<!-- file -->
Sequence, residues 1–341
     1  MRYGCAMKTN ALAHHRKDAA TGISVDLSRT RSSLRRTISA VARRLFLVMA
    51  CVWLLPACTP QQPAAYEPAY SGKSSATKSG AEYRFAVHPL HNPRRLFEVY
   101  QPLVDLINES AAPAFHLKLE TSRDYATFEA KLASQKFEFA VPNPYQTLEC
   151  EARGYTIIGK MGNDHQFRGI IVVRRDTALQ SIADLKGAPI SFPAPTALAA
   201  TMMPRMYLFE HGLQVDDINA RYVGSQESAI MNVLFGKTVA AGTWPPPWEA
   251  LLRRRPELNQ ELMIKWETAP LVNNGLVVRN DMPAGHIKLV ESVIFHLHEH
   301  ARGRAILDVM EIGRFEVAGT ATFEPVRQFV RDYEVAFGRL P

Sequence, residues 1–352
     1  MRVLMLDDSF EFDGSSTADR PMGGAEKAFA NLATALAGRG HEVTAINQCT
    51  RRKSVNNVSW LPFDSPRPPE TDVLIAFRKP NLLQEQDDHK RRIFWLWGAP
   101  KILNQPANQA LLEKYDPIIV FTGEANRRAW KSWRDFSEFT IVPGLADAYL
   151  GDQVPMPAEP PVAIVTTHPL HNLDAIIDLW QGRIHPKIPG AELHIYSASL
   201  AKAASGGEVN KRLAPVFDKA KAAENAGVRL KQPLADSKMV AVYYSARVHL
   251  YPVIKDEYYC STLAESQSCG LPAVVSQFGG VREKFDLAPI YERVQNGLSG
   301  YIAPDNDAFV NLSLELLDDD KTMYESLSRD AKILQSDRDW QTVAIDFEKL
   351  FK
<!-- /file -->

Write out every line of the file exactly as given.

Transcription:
Sequence, residues 1–341
     1  MRYGCAMKTN ALAHHRKDAA TGISVDLSRT RSSLRRTISA VARRLFLVMA
    51  CVWLLPACTP QQPAAYEPAY SGKSSATKSG AEYRFAVHPL HNPRRLFEVY
   101  QPLVDLINES AAPAFHLKLE TSRDYATFEA KLASQKFEFA VPNPYQTLEC
   151  EARGYTIIGK MGNDHQFRGI IVVRRDTALQ SIADLKGAPI SFPAPTALAA
   201  TMMPRMYLFE HGLQVDDINA RYVGSQESAI MNVLFGKTVA AGTWPPPWEA
   251  LLRRRPELNQ ELMIKWETAP LVNNGLVVRN DMPAGHIKLV ESVIFHLHEH
   301  ARGRAILDVM EIGRFEVAGT ATFEPVRQFV RDYEVAFGRL P

Sequence, residues 1–352
     1  MRVLMLDDSF EFDGSSTADR PMGGAEKAFA NLATALAGRG HEVTAINQCT
    51  RRKSVNNVSW LPFDSPRPPE TDVLIAFRKP NLLQEQDDHK RRIFWLWGAP
   101  KILNQPANQA LLEKYDPIIV FTGEANRRAW KSWRDFSEFT IVPGLADAYL
   151  GDQVPMPAEP PVAIVTTHPL HNLDAIIDLW QGRIHPKIPG AELHIYSASL
   201  AKAASGGEVN KRLAPVFDKA KAAENAGVRL KQPLADSKMV AVYYSARVHL
   251  YPVIKDEYYC STLAESQSCG LPAVVSQFGG VREKFDLAPI YERVQNGLSG
   301  YIAPDNDAFV NLSLELLDDD KTMYESLSRD AKILQSDRDW QTVAIDFEKL
   351  FK